RI to get new pot rules, medical pot dispensaries

Published on NewsOK Modified: March 29, 2013 at 3:51 pm •  Published: March 29, 2013
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George DesRoches began growing pot himself to treat his chronic pain and fibromyalgia, only to be held at gunpoint last year when men broke into his Providence home to steal his plants.

"People who have no options are going to get options at the compassion centers," DesRoches said. He'd like to see full legalization. "I think Rhode Island would like to be the first state on the East Coast to legalize, but this state has a habit of dragging its feet."

The Thomas C. Slater Compassion Center occupies a nondescript former postal service building a few blocks from the Statehouse. Patients must provide their medical marijuana authorization to gain entrance to the facility. To prevent theft, the reception window is bulletproof and the lobby wall contains a layer of Kevlar.

Inside, the main room is lined with glass cases that will soon hold jars of marijuana, separated into strains suited for conditions including nausea, anxiety, chronic pain and loss of appetite. Nearby are grow rooms with sophisticated lighting and temperature controls. The product cases and grow rooms are now empty — by law the dispensary can't possess marijuana until it receives its license. The first products will be bought from individuals already authorized to grow marijuana for patients.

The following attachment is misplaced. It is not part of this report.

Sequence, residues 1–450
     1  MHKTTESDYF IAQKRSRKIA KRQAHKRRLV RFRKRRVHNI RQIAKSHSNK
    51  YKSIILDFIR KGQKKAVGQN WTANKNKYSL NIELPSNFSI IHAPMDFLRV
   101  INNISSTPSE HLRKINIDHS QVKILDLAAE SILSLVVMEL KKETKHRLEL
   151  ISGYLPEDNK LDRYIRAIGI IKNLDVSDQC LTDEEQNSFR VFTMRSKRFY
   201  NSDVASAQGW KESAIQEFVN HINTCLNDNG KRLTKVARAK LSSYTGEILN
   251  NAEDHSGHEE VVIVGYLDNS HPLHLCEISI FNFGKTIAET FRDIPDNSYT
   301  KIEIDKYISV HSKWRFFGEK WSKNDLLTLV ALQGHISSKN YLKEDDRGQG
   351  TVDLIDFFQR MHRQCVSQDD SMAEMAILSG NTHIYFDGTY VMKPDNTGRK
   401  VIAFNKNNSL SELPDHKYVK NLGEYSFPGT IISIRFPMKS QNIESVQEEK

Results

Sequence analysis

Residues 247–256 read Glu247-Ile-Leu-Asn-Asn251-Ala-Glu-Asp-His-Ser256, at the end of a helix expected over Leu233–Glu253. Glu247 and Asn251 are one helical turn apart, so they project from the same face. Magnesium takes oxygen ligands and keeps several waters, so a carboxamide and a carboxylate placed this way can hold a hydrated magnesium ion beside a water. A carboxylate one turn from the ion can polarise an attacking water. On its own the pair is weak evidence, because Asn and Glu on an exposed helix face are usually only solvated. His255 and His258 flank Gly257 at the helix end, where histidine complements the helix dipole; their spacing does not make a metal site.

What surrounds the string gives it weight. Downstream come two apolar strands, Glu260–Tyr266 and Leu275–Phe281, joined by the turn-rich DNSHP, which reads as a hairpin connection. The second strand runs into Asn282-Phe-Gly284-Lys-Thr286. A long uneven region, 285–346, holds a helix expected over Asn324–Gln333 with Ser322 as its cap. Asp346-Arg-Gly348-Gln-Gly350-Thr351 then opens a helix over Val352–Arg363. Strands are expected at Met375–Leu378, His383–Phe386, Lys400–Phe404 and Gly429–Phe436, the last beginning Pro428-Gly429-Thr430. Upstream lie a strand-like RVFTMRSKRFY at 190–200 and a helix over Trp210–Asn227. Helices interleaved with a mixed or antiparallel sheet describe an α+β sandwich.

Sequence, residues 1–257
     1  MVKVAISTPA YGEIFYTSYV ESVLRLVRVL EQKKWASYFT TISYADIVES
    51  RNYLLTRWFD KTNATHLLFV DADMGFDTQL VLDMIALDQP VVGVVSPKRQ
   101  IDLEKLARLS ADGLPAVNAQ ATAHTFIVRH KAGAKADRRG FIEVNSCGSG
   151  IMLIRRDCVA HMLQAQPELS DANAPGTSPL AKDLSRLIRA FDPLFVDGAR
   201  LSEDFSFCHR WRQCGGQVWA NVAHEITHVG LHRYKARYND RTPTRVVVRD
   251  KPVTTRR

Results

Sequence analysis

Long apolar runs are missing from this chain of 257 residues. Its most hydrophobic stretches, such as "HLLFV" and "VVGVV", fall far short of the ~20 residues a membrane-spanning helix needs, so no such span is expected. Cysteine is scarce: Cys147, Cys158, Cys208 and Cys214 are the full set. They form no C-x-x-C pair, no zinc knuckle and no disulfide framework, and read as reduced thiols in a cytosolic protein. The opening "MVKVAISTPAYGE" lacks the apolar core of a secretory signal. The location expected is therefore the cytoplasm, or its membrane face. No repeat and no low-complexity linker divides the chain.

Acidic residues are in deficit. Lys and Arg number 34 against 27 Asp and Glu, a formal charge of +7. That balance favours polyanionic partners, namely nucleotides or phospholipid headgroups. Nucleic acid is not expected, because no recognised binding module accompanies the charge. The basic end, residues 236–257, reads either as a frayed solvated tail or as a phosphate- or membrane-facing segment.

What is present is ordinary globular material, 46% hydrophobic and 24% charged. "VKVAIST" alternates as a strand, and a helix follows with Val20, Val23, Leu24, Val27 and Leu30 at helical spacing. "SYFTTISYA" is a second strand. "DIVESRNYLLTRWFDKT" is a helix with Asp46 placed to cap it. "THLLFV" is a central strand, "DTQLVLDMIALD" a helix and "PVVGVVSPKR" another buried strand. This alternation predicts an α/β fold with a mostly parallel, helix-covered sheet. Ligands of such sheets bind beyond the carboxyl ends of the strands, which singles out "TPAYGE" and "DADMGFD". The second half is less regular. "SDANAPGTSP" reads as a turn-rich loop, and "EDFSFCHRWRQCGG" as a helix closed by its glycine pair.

"We want to be the industry standard," said Chris Reilly, a spokesman for Slater, which hopes to open within weeks. "This is a health care facility and we take our mission to help patients very seriously."

The other dispensaries are Summit Medical Compassion Center in Warwick and Greenleaf Compassionate Care Center in Portsmouth.

Two years ago, Gov. Lincoln Chafee put the dispensary licenses on hold after federal authorities warned the facilities could face criminal charges. Last year Chafee and lawmakers created new restrictions on the amount of marijuana the facilities can possess in an effort to avoid a clash with the federal government.

While federal prosecution remains a possibility, advocates think rigorous regulations — and changing public opinion — may dissuade the federal government from intervening.

"I would hope we're not very high on the priority list," said Seth Bock, Greenleaf's chief executive. "The tide is changing."

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